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    TL;DR Programming looks very much like talking from Neuro Imaging

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      Thank you, I find this article to be more interesting.

      To see what happens in the brain during this process, the team used a functional magnetic resonance tomograph. The image data clearly showed that the test subjects’ left brain areas were activated, which are mainly associated with speech comprehension. “To our surprise, we could not observe any activity in the direction of mathematical or logical thinking,” said the researcher summarising the results. “Our research suggests that speech understanding plays a central role in programming. The renowned Dutch computer scientist Edsger W. Dijkstra already expressed this assumption in the 1980s,” Apel adds.

      It’s the second time I hear about this idea. Anecdotal evidence around me seems to support it. I know very competent programmers that had mental blocks about mathematics. All competent programmers I know however are talented at writing and expressing themselves.

      In my opinion literacy and linguistic talent is a better predictor about the quality of the programming output of a person. I think because understanding algorithms and data structures is an important part, but even more important is communicating with your peer, and writing good quality code is all about communicating intent to other people in your team.

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        Indeed, I agree about program comprehension; However, I wonder if the same can be said about writing a new program. That is, if you are asked to implement a new algorithm from scratch, would it still light up the speech processing parts of the brain. Going the reverse; if one is trying to understand a mathematical paper, would the logical parts of the brain still light up?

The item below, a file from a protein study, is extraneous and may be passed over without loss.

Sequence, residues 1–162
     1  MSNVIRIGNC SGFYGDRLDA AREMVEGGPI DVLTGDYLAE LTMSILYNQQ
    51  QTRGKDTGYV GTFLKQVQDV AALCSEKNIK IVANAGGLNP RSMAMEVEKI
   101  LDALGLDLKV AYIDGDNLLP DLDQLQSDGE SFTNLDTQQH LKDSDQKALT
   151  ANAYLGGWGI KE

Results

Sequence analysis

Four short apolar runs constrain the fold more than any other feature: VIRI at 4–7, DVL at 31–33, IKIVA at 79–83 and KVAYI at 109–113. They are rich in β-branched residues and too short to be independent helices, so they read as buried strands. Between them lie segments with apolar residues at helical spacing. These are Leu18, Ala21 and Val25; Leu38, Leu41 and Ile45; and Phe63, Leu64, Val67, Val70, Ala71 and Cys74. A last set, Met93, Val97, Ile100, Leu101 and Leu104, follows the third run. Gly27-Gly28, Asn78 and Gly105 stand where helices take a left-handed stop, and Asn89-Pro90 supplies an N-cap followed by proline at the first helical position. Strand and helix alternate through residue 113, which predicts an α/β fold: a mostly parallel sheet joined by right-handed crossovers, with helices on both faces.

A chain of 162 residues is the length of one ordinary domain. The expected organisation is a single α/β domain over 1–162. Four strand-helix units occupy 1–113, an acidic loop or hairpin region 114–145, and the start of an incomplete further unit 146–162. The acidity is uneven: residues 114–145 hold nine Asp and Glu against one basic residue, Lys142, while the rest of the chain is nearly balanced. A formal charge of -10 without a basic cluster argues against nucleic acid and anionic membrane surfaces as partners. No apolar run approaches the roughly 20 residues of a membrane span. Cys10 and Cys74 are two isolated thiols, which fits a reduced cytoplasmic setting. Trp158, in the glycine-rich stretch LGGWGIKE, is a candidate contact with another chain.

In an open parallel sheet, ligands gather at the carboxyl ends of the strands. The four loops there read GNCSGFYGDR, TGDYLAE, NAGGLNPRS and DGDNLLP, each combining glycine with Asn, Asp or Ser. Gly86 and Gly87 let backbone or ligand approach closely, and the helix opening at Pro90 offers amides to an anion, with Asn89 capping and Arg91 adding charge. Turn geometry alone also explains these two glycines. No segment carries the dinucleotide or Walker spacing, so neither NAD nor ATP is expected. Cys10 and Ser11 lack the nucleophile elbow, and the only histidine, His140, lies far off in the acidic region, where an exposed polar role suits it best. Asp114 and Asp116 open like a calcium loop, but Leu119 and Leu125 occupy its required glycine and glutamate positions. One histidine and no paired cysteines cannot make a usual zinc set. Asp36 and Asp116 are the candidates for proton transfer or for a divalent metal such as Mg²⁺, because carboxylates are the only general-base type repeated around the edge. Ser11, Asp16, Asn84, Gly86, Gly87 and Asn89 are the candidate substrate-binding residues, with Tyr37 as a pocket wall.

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          In my opinion literacy and linguistic talent is a better predictor about the quality of the programming output of a person. I think because understanding algorithms and data structures is an important part, but even more important is communicating with your peer, and writing good quality code is all about communicating intent to other people in your team.

          Ultimately, programming is a form of communication, and art. Knuth argues that here. You need to be able to understand your own thoughts well enough to put them down in a medium, which is fundamentally a form of art. It’s a dialogue between yourself, it’s a dialogue with the platonic idea-space, and it’s a dialogue with the computer, it’s systems, and other people who read it. There’s room for process, but that does not deny that fundamentally it has an artistic component that we as a field, constantly ignore, that we stifle. The more we regard programming as a mechanical endeavour, or as a scientific endeavour, the more we deny and devalue our own independence, skill, proficiency, and the work itself. Attempts to ‘codify’ programming will fail, without that acknowledgement.